After I got home and got the girls down, David Greene, one of my most reliable drinking buddies and closest friends from NPR West, gathered a few of the regular friend squad for a night out of drinking and revelry like the old times. Only, we were always outside and we hugged with masks on and with our faces turned as far away from one another as possible. We used to go drinking together at least weekly, and we hadn’t since March. Finally we were all together again which felt restorative after a nonstop reporting trip and given the news, a tough, tough day.

I got home just before midnight and the earth shook. At first I thought, oh, maybe I’m drunker than I thought but nope, nope, it was an earthquake. Magnitude 4.8, and no damage or injuries here, but a reminder the ground beneath us is always changing.

Livin’ That Multihyphenate Life

New gig, who dis?

Starting today I’ll be in available in your feeds every weekday, hosting the daily TED talk podcast, which is the fittingly-named TED Talks Daily. It’s one of America’s top 20 podcasts and downloaded a million times a day, all over the world. Not only do I love working with the good folks at TED already and love being able to host this from anywhere with an internet connection, I can’t wait to connect with the global TED community. From the TED announcement:

 TED Talks Daily, which is downloaded one million times per day, is one of the most downloaded shows, and not just in the US — it’s been featured in Apple Podcasts’ top ten charts in 130 countries around the world (more than any other podcast)…

TED Talks Daily has long been a favorite way for audiences to engage with TED Talks, so we’re looking forward to adding onto the format,” said Colin Helms, head of media at TED. “What listeners have come to know and love about TED Talks Daily will continue, but with Elise as our host, we can build a richer backdrop for our talks.”

Ever since moving here I’ve craved and sought LA’s multi-hyphenate, project-based way of life. (Which is to say, I wanted to be job promiscuous instead of contractually locked down to one single employer.) So in addition to my other hustles, my dear friend Rachel and I co-founded a media company, and brought on another rad mom friend, Meghan. Reasonable Volume (yes named after Milton’s riff in my fave film of all time, Office Space) is already off & running and making bespoke pods & projects, so let’s make something together.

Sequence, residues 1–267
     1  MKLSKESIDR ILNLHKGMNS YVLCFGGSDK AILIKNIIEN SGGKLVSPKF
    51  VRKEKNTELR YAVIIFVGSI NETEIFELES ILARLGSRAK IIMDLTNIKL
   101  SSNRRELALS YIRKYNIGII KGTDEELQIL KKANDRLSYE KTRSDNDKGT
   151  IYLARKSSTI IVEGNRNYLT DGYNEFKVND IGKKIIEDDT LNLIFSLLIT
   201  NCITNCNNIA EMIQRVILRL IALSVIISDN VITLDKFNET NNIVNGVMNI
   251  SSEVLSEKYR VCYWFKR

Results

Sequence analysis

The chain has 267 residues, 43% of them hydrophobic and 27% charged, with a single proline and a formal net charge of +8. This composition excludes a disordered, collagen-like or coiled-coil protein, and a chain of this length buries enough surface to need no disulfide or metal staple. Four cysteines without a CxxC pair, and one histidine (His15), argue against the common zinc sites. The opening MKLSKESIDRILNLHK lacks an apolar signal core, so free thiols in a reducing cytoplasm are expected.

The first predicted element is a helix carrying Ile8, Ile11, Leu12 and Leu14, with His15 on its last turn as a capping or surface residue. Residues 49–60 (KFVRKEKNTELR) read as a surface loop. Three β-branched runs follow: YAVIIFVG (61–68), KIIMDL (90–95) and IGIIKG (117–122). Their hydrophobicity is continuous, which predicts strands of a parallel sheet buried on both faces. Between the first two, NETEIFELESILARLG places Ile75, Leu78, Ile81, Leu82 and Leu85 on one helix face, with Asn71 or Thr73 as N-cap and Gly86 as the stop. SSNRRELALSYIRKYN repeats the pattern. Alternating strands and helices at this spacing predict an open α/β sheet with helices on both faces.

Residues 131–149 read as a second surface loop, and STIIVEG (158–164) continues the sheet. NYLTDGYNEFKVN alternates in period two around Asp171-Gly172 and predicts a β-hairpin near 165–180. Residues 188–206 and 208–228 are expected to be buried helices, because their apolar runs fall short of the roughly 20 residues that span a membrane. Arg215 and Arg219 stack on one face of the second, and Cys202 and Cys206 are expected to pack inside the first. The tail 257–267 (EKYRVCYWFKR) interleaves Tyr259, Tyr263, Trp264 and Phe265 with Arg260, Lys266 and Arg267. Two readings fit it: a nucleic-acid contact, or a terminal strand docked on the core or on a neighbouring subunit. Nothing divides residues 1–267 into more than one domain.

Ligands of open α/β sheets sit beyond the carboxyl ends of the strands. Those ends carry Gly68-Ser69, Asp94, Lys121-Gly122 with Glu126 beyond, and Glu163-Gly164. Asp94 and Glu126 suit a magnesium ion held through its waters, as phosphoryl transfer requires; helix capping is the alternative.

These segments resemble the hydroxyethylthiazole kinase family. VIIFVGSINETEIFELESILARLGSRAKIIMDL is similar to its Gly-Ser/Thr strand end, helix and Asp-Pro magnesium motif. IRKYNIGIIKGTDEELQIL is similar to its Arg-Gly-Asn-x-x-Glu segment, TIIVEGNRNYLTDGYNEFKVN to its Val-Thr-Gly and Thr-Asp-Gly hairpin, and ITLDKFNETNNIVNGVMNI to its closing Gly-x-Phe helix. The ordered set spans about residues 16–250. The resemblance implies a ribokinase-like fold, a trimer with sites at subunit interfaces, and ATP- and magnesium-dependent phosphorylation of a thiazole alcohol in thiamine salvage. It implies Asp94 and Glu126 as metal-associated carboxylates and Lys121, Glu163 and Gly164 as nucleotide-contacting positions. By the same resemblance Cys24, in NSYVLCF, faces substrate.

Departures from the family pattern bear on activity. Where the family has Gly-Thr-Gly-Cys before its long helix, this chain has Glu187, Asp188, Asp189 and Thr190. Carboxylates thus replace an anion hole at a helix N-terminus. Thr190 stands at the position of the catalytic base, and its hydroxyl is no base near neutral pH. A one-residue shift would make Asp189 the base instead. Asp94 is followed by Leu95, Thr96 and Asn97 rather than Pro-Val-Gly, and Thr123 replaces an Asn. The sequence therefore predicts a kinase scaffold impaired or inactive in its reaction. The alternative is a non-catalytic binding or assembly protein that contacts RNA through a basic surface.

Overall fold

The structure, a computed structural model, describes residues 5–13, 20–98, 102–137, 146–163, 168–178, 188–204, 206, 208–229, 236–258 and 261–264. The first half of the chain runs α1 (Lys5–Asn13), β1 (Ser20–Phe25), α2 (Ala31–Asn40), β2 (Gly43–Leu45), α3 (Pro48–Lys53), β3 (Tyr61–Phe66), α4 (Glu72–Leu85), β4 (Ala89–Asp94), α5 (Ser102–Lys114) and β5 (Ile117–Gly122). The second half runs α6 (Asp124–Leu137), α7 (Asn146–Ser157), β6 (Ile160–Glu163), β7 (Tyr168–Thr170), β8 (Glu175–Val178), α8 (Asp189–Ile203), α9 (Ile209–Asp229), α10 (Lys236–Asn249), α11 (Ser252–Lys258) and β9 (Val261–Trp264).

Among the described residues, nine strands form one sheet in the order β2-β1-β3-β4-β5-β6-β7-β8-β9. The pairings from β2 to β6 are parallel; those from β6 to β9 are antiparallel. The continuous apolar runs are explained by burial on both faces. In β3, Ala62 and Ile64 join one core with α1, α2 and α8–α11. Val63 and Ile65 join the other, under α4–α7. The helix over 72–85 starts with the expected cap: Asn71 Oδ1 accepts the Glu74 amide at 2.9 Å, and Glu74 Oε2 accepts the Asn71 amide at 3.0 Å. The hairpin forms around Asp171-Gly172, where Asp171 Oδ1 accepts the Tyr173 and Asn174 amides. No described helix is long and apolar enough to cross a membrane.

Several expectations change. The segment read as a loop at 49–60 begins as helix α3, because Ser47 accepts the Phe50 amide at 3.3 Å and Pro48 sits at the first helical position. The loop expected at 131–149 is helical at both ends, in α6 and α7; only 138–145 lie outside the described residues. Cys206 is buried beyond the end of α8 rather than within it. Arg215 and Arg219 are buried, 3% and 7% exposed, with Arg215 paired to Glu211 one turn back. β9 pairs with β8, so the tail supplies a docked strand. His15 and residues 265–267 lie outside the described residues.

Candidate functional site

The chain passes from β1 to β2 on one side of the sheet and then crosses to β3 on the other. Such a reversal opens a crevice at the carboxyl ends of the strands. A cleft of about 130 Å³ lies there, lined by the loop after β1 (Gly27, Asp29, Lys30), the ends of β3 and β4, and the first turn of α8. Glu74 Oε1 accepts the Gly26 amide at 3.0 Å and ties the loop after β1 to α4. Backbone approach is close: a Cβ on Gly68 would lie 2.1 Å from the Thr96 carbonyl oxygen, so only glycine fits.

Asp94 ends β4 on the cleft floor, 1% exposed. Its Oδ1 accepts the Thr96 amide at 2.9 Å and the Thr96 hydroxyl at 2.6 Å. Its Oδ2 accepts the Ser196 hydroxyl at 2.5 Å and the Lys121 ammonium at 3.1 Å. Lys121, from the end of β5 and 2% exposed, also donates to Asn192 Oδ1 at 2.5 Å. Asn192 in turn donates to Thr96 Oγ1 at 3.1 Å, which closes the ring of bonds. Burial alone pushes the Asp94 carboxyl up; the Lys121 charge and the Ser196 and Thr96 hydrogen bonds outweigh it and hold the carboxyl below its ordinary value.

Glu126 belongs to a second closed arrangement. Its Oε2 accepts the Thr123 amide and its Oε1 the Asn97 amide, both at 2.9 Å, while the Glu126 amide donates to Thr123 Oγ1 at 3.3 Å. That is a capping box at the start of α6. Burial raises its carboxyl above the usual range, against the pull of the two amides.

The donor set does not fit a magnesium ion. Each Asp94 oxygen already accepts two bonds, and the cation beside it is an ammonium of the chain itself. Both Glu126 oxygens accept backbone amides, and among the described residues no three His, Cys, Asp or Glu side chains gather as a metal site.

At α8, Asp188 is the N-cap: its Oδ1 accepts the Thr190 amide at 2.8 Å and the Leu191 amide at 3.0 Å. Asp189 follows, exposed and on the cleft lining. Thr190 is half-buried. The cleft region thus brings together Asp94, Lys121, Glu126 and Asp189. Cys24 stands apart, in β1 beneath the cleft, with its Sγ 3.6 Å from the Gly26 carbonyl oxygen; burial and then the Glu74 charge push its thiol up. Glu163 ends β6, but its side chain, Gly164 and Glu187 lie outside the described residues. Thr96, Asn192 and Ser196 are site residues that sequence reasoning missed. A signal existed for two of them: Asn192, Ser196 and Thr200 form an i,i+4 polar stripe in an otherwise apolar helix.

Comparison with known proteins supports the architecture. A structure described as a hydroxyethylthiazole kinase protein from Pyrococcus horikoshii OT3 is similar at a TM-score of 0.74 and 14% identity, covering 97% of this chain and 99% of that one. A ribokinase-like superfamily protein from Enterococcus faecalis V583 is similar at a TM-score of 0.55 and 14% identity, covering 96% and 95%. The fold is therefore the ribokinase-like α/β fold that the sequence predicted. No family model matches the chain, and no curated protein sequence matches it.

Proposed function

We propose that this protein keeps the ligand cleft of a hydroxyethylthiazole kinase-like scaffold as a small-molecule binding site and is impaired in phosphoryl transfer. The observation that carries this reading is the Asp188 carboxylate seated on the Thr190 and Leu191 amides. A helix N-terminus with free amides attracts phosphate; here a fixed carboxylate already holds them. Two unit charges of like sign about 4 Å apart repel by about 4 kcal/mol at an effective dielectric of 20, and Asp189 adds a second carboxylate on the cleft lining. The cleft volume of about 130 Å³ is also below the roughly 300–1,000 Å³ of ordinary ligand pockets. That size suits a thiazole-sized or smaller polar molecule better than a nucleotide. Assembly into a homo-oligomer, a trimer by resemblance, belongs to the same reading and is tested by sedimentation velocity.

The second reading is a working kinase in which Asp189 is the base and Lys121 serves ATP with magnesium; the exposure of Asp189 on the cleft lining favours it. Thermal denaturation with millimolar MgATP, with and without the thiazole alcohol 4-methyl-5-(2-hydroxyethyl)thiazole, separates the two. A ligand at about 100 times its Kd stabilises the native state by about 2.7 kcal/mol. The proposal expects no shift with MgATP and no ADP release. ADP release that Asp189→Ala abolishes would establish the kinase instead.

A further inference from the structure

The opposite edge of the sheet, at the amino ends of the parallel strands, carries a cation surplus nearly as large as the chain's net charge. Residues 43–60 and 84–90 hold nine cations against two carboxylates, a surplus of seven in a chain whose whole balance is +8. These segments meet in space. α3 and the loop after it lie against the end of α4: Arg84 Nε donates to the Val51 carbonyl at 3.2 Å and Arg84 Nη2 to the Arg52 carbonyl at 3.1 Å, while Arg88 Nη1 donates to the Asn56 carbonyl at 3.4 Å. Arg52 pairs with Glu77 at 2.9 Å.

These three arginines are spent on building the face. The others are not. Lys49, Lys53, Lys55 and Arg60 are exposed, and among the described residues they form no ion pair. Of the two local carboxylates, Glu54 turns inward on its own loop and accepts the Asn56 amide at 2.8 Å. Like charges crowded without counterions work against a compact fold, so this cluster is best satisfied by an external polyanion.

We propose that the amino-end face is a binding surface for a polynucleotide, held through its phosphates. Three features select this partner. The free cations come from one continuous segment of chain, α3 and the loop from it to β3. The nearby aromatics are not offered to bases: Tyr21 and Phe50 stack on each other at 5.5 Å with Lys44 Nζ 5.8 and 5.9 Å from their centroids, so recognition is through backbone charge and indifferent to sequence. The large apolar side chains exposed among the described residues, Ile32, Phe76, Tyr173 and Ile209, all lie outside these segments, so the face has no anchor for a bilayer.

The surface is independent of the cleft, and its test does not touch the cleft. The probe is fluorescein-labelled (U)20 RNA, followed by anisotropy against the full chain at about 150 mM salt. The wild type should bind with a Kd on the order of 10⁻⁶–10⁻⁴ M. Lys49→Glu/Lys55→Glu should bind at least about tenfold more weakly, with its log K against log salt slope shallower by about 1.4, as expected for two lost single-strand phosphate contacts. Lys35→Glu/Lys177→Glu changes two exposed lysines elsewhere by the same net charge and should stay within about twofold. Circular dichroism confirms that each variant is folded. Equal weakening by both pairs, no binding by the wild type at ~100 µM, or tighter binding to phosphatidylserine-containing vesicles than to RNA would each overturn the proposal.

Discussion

It probably goes without saying that I left my full-time role at NPR but in true LA-style, I am staying “attached,” like they say in Hollywood, to NPR projects as a roving host at-large. Public media remains vital and maybe now more so than ever.

And with guidance from my smart, savvy agent/friend/life coach, Howard, I sold my book project, Flawless, examining K-beauty, gender & power to Dutton, an imprint of Penguin Random House. This year I have to actually write it.

OK that’s the update. Change is hard but constant. I’m trying, like everyone else, to keep my head above water and stay open to all of it. My cadence these days is every other day or so I’m totally fine and find a lot of joy in my quotidian quarantine life, and every off day I’m in total despair and think of all the calamity and uncertainty nonstop. The only way through it is through it, but I hope that we can all stay connected and supportive to one another during this wild time to be alive, a wild time to be a human.